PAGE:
Tag Archives: Freight train

New England Central 611 at Leverett, Massachusetts.

Making the Most of a Tree.

The other day, New England Central 611 was struggling. The train had departed Brattleboro, Vermont with a heavy consist. Complicating matters was that the locomotives weren’t cooperating and the rails were damp with lots of freshly fallen leaves.

While this made for a tough morning’s work for the 611 crew, it provided ample opportunities for me to make photographs (and gave good sound show too).

The sun was playing late-autumn hide and seek with the clouds, but at Leverett, Massachusetts I was rewarded by burst of sun.

Many years ago, before my time, there had been a grade crossing a Leverett. Today, Route 63 crosses on a modern concrete overpass fitted with narrow-mesh fences (no use for photography.)

I opted for a location below the bridge (near where the old grade crossing had been) in order to frame up the train in a tree that was still clinging to its rusty leaves.


This was one of burst of exposures I made with my FujiFilm X-T1 Digital camera.

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Cape Breton & Central Nova Scotia, Cape Jack, July 24, 1997


A Fleeting Glimpse of a Maritime Alco Diesel Oasis.

Railway train with water
On July 24, 1997, a Cape Breton & Central Nova Scotia freight rolls west at Cape Jack along the Gulf of the St. Lawrence.

I featured this image of westward Cape Breton & Central Nova Scotia (say it five times fast) freight in my big book Locomotive, published by MBI in 2001. The concept of the book was very large photo reproduction of classic locomotives. There were three sections; steam, diesel and electric.

In July 1997, I made this image on trip with George Pitarys and Bill Linley. George and I had flown to Halifax from Boston. We spent three glorious days photographing in Nova Scotia and did exceptionally well with the CB&CNS. At the time the railroad ran its eastward road freight in the morning and westward train in the afternoon, which favored sun angles most of the day. George and Bill’s expert knowledge of the line allowed us to make the most of every train.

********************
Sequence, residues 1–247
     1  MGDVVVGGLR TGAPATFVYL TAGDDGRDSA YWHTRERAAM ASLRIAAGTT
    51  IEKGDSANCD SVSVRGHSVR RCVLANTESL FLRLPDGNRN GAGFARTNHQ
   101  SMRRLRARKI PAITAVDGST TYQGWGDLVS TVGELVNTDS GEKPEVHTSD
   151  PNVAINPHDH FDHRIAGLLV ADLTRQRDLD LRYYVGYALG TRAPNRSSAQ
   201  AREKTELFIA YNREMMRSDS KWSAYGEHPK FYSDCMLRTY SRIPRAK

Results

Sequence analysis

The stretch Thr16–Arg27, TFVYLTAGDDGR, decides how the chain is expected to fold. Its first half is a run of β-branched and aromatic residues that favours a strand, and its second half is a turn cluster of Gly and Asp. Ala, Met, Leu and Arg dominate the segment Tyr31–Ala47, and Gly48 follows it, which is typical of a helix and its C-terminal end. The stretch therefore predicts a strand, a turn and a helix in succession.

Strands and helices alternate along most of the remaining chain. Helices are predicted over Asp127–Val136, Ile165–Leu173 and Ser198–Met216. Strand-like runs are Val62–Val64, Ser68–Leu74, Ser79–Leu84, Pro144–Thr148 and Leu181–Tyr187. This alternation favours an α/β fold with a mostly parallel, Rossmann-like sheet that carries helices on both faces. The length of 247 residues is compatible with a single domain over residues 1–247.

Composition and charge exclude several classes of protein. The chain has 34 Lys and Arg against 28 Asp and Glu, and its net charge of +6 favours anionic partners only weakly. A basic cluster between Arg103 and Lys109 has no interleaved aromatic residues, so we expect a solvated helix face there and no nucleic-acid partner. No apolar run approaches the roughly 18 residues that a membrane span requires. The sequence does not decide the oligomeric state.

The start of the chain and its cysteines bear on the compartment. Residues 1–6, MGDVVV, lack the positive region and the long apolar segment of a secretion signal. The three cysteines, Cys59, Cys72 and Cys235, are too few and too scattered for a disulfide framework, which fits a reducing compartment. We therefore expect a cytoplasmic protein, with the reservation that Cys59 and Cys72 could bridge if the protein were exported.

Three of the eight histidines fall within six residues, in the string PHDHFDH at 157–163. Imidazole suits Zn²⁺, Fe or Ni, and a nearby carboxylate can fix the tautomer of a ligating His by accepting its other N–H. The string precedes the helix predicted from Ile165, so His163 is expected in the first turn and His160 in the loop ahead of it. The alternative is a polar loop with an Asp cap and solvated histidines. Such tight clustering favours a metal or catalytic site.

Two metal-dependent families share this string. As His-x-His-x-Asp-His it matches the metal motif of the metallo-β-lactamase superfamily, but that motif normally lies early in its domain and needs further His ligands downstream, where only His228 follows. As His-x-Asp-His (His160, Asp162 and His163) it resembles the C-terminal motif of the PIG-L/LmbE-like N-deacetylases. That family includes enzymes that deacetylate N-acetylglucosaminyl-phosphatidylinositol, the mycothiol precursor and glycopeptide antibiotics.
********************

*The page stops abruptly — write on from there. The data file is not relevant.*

I was especially fascinated by the opportunity to photograph locomotives against the seemingly endless blue waterscape. This elevated location at Cape Jack overlooking the Gulf of St Lawrence was one of the best places to make watery vistas. I exposed this on Fujichrome Provia 100F using my Nikon N90s and Nikon f2.8 80-200mm zoom lens. Exposure was calculated using a Sekonic Studio Deluxe handheld photocell and the camera’s internal matrix meter setting.

Here’s an excerpt from my text published in Locomotive:

The CB&CNS was created as the result of CN’s desire to spin-off lightly used feeder lines. Initially the CB&CNS was part of the RailTex family of short lines and acquired by Rail America in 1999. CB&CNS operated from Truro (in western Nova Scotia) to Sydney plus a few short branches. Until 1998, this railroad was one the final strongholds for big MLW-built Alco locomotives. These were regularly assigned to daily through freights. Most were painted in CB&CNS’s attractive black & yellow paint scheme with a large red lion to reflect the region’s Scottish heritage. 


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